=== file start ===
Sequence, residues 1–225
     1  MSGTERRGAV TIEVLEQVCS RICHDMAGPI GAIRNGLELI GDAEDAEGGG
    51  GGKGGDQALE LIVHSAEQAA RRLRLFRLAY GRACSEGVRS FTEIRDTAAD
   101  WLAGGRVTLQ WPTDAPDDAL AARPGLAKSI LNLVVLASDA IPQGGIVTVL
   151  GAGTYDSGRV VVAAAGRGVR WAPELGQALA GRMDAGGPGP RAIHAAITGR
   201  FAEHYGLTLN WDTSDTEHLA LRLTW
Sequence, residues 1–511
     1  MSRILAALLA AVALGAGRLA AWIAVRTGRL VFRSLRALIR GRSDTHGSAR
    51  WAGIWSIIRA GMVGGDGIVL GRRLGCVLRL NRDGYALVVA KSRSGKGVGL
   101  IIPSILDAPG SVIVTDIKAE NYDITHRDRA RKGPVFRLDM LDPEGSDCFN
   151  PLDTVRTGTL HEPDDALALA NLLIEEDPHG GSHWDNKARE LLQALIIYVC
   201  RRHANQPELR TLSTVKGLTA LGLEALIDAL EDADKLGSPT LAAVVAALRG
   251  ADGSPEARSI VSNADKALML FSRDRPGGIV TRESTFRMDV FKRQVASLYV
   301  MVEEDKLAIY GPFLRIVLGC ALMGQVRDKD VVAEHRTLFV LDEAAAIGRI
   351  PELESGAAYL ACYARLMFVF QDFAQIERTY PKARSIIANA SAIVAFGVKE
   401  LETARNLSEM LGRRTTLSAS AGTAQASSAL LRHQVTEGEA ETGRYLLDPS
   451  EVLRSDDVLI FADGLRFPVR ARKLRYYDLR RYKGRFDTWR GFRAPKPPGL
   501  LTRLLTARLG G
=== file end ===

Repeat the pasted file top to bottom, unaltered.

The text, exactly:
Sequence, residues 1–225
     1  MSGTERRGAV TIEVLEQVCS RICHDMAGPI GAIRNGLELI GDAEDAEGGG
    51  GGKGGDQALE LIVHSAEQAA RRLRLFRLAY GRACSEGVRS FTEIRDTAAD
   101  WLAGGRVTLQ WPTDAPDDAL AARPGLAKSI LNLVVLASDA IPQGGIVTVL
   151  GAGTYDSGRV VVAAAGRGVR WAPELGQALA GRMDAGGPGP RAIHAAITGR
   201  FAEHYGLTLN WDTSDTEHLA LRLTW
Sequence, residues 1–511
     1  MSRILAALLA AVALGAGRLA AWIAVRTGRL VFRSLRALIR GRSDTHGSAR
    51  WAGIWSIIRA GMVGGDGIVL GRRLGCVLRL NRDGYALVVA KSRSGKGVGL
   101  IIPSILDAPG SVIVTDIKAE NYDITHRDRA RKGPVFRLDM LDPEGSDCFN
   151  PLDTVRTGTL HEPDDALALA NLLIEEDPHG GSHWDNKARE LLQALIIYVC
   201  RRHANQPELR TLSTVKGLTA LGLEALIDAL EDADKLGSPT LAAVVAALRG
   251  ADGSPEARSI VSNADKALML FSRDRPGGIV TRESTFRMDV FKRQVASLYV
   301  MVEEDKLAIY GPFLRIVLGC ALMGQVRDKD VVAEHRTLFV LDEAAAIGRI
   351  PELESGAAYL ACYARLMFVF QDFAQIERTY PKARSIIANA SAIVAFGVKE
   401  LETARNLSEM LGRRTTLSAS AGTAQASSAL LRHQVTEGEA ETGRYLLDPS
   451  EVLRSDDVLI FADGLRFPVR ARKLRYYDLR RYKGRFDTWR GFRAPKPPGL
   501  LTRLLTARLG G